Analysis Of The Immortal Lie Of Neil Armstrong

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The Immortal Lie of Neil Armstrong
“That's one small step for man, one giant leap for mankind”. That is how Neil Armstrong characterized his first steps on the moon. Or perhaps, his first steps across a stage, in front of a film crew. That line sounds an awful lot like a good movie line after all. Whether or not the U.S.A. has ever actually reached the moon is a hot topic that has been debated for decades, and for good reason. The space race was so much more than a scientific expedition, it was a battle of a communist way of life versus a democratic one. That is why when the astronauts arrived, it was paramount that an American flag be planted in order to assert dominance over the soviets, and the world. On May 25th of 1961, President J.F.K. made it the public goal of the United States to successfully send a man to the moon and to bring him home safely. It was then, according to some scientists, that N.A.S.A. adopted a policy of, “If you can’t make it, fake it” (Moffet). The space program tried, and failed, for 9 years trying to achieve this goal before having to resort to plan B. The men and women of the U.S. were in a frenzy over communism throughout the 1950’s and 60’s. Simply being accused of being a communist could ruin someone’s social life and career in an instant. During this so called “Red Scare” senator Joseph R. Mccarthy of Wisconsin become infamous for accusing anyone of being a communist on loose evidence or a whim. He took down actors, authors, politicians, physicists, singers, athletes, and anybody else who stood in his way. He was eventually called out for his tactics, publicly condemned, and spiraled into alcoholism (“Joseph McCarthy Meets”). But, the damage had been done. Behind the moon landing, the second most important date in the space race was October 4th, 1957. That was the day that Sputnik launched from the Soviet Union. Sputnik was the first satellite to ever orbit Earth. Americans were terrified and the New York Times had to print a story assuring the public that it was incapable of dropping bombs on us (Moffet). Russia’s feat shattered the illusion that America had the best technology in the world.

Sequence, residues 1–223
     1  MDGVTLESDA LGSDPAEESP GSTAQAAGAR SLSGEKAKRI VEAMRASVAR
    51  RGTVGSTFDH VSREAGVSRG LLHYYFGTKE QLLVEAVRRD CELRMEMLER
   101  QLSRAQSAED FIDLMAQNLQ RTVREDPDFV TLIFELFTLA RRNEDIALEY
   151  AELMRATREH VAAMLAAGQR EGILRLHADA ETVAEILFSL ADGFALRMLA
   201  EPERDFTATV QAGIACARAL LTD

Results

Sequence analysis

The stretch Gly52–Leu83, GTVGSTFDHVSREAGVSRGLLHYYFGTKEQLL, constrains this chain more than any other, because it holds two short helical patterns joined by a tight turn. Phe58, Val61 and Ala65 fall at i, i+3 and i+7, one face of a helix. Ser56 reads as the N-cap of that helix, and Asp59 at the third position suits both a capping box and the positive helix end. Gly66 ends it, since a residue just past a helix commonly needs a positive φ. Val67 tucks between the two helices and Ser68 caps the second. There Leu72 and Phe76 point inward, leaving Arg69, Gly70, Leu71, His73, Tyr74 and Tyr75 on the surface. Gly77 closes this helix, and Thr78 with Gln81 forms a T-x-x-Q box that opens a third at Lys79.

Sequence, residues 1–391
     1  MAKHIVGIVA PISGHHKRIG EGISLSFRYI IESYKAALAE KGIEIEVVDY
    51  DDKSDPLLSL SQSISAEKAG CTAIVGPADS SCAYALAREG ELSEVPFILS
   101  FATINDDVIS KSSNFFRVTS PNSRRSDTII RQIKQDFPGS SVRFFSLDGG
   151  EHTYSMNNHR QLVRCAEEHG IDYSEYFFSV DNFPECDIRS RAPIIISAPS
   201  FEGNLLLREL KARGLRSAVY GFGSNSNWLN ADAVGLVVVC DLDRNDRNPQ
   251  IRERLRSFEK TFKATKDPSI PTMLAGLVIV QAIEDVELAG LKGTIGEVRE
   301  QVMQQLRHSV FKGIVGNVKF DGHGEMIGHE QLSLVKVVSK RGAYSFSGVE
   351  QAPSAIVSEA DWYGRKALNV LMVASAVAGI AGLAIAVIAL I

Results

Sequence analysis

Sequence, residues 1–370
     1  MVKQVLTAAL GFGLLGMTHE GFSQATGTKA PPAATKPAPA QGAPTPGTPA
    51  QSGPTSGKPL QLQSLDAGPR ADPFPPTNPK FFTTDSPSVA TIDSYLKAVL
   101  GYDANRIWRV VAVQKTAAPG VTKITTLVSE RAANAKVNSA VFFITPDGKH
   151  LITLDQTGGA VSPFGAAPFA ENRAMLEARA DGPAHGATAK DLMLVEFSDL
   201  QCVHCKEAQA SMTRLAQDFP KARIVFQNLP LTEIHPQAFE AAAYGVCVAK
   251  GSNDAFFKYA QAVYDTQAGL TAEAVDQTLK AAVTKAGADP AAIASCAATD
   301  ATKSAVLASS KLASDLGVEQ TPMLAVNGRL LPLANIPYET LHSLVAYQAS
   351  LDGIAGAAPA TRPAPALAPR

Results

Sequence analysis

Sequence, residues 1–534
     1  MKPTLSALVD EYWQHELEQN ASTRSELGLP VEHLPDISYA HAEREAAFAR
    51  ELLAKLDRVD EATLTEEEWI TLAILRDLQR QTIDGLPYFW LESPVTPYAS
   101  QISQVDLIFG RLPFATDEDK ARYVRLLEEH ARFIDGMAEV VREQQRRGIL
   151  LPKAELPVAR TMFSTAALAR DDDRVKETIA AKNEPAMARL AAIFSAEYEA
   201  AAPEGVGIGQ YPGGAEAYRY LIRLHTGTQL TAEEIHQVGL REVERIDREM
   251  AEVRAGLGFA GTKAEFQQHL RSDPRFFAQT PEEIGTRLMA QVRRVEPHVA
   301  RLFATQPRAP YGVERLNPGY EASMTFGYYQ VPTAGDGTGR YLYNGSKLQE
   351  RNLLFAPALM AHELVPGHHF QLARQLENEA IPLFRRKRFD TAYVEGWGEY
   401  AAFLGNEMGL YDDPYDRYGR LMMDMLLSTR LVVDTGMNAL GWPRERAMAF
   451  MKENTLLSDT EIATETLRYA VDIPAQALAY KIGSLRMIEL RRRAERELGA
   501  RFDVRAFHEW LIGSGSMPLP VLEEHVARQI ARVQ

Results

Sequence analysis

In 1961, the U.S. severed diplomatic ties with Cuba, and

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